Welcome to my monthly interview feature! I’m so excited to be interviewing all the fabulous artists, illustrators and designers I’ve meet over the years (both personally and virtually!) and sharing their artwork and experiences here on Bird Meets Worm. Look for a new interview on the first Tuesday of every month.
This month I’m pleased as punch to be catching up with the effervescent Illustrator & Designer, Victoria Johnson! I’m a long-time fan of her beautiful artwork and was thrilled to get to see her gorgeous Surtex 2014 booth in person. She is an English artist/designer in Rome. She lives there with her Italian husband and two children. Before that she lived in New York for twelve years, owning and running a design studio in NY and London. Her work has been featured on a huge variety of products, from women's and children's wear, to paper products, home furnishings and giftware and is lucky enough to have worked with some of the best known companies in the US and Europe. You can view more of her artwork here!
|"C" is definitely for CUTE!|
Q: How has your time living in each England, New York & London influenced and inspired your artwork?
A: I lived in NY for 12 years and worked in the Garment District, mainly designing womenswear prints. I think this influences my work. I gravitate towards feminine palettes that are very wearable. I also love vintage womenswear fabrics—the way that contemporary art was so influential on fashion print trends during the 20th Century.
Q: You've spent many years as an independent illustrator and have recently signed on with Jennifer Nelson Artists (Congrats!!). Dish with us about the pros and cons of representation vs. being independent and why you've chosen to be represented at this point in your career.
A: I was very happy being independent and would definitely recommend that route— even though it's very demanding and requires an awful lot of self-discipline. However, it's not everyday that an agent of Jennifer's caliber presents an opportunity. After one conversation with her I knew that my career would benefit massively from her support. I was finding it difficult to make time to send my work out as often as I wanted and was starting to chase my tail. I knew that Jennifer would get my work seen regularly by the companies I wanted to work with. I felt she was 100% invested in my success and was keen to maintain regular contact with me (and her other artists), working as a partner in a joint venture. This is unusual and offset any reservations I'd formally had about representation (that sense of sinking into a vast sea of anonymity with multiple other artists working under the name of the studio). I sensed that I was incredibly fortunate from the outset.
|How adorable is this floral repeat?!|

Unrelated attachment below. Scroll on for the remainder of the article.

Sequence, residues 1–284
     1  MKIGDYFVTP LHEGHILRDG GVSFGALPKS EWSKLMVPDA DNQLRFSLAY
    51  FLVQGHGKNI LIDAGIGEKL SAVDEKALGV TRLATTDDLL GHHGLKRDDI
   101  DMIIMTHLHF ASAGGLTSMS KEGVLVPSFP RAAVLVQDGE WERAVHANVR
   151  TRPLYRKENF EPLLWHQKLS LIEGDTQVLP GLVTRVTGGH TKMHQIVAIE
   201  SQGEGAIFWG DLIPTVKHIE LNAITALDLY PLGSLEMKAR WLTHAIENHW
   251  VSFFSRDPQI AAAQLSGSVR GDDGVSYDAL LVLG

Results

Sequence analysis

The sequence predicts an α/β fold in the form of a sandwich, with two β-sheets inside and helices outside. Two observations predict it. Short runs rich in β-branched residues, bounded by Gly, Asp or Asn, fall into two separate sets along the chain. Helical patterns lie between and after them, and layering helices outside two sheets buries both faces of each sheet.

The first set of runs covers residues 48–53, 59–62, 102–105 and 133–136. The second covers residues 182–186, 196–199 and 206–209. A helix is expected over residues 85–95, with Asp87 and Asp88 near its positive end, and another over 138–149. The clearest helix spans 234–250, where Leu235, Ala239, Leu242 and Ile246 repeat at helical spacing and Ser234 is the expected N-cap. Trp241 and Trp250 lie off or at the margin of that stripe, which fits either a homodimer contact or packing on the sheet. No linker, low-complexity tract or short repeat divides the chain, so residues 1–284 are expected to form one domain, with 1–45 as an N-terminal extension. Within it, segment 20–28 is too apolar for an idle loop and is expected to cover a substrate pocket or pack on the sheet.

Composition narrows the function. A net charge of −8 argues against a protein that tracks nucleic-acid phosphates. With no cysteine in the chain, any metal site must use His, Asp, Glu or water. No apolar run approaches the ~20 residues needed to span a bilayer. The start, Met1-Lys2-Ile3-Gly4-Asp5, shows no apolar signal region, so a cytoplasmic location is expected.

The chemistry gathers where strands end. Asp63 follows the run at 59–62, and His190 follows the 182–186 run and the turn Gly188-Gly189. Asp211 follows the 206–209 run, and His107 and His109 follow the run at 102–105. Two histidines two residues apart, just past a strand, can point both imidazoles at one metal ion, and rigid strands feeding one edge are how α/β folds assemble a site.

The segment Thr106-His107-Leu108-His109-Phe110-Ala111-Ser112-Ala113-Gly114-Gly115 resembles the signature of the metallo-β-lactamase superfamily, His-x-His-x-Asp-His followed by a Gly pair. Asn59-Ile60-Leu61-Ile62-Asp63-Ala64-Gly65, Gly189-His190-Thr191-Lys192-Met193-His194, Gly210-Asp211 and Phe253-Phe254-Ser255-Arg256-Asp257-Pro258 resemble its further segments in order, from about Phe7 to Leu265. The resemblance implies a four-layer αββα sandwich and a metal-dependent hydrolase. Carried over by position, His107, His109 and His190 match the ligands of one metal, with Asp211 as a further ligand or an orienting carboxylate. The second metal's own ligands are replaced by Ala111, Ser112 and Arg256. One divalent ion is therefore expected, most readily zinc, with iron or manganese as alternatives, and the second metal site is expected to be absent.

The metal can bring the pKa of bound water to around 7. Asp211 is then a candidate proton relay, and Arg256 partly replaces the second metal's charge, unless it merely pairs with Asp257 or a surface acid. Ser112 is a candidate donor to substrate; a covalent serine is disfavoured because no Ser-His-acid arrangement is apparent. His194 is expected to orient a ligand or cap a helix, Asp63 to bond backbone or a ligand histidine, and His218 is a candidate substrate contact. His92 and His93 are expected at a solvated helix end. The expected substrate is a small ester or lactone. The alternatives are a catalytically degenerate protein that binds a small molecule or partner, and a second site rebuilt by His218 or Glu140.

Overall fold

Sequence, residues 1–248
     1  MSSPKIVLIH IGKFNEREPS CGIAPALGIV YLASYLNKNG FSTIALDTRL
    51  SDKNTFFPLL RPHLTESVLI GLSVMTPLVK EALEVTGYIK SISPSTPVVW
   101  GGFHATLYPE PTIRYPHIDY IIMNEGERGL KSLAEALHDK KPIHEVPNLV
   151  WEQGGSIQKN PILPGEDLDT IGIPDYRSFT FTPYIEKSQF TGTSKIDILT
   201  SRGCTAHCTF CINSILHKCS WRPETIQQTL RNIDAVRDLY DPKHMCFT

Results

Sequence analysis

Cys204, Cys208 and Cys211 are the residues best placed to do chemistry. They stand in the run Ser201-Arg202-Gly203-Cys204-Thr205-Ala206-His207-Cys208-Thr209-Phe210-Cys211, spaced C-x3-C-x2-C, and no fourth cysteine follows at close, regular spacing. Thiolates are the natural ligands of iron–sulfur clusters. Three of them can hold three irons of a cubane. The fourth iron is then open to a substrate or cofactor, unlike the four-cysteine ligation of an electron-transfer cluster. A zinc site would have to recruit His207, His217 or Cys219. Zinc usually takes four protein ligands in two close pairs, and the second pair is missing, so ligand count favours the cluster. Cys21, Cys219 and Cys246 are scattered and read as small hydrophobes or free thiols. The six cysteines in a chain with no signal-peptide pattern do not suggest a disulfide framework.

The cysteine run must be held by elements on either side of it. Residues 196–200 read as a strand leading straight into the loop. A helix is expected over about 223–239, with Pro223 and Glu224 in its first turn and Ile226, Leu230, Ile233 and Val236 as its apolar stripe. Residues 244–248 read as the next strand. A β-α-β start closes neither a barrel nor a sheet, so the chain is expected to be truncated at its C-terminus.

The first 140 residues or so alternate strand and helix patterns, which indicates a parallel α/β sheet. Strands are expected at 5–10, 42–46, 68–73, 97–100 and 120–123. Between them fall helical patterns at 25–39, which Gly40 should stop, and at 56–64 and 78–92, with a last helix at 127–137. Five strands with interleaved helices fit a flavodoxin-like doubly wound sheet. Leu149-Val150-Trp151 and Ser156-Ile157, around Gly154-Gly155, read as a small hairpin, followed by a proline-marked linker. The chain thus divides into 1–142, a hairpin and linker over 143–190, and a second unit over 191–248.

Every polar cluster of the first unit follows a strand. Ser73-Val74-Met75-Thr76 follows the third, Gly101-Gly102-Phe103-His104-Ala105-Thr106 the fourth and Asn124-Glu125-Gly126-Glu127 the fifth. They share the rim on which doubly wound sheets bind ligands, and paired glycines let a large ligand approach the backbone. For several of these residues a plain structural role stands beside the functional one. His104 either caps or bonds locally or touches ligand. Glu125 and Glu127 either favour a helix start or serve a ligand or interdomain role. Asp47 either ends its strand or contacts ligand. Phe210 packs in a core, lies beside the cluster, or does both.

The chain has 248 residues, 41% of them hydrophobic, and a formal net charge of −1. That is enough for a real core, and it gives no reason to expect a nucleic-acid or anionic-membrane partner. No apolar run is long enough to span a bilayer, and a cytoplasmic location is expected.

Q: Describe your artistic process. How do you begin? What comes next? How do you choose a medium and color palette?
A: I choose a medium based on the idea. They're kind of linked. I keep a running list of ideas in a single notebook. I've worked like this for years. I might be inspired by something I've seen online or in a shop (the usual sources) or want to progress from something I've already done or I might know that I need to cover a commercial theme like Christmas, Valentines, etc. I write my ideas on my list and then decide what needs doing most urgently and what I fancy doing! I always try to establish my palette at the outset and work very hard on making it beautiful—and hopefully a bit original.
|Come fly away on a Victoria Johnson dream!!|
Q: In what ways do you balance your art career with being a mom? (As an illustrator mama myself, this is one of my favorite questions!!)
A: I struggle daily. My children are both school age so I have all their school hours to work, but my husband's away or working long hours a lot so it's difficult. I often start work again after the kids go to bed.
Q: What advice would you give to an illustrator attending Surtex regarding prep as well as what to actually bring to the show?
A: I don't know where to begin. I could write a whole blog post about this. A whole book even. In a nutshell— don't make yourself ill. Be super organized. Make sure everything is cohesive—that it screams you and is high impact. Go the extra mile because you will not believe how much effort people make on those stands. It blows your mind!! Just when you think you've done as much as is humanly possible, you'll realize someone else has done MORE!!! Also, establish relationships with key clients beforehand. It's not like a shop where strangers just stroll by and pluck your goods from a shelf. It's very much an opportunity to expand on and cement existing relationships and show your clients that you are professional and serious.
|So lovely! So gorgeous! So fabulous!|
Q: Describe your most perfect Sunday.
A: Waking up at six am, leaping out of bed and going for a 5 mile run, getting back and eating fresh, crushed raspberries, organic oatmeal and a kale smoothie before taking my children out for a very educational tour of Rome's finest art galleries. I've NEVER done this. EVER. But I imagine it would be quite nice and I would feel pure and saintly afterwards.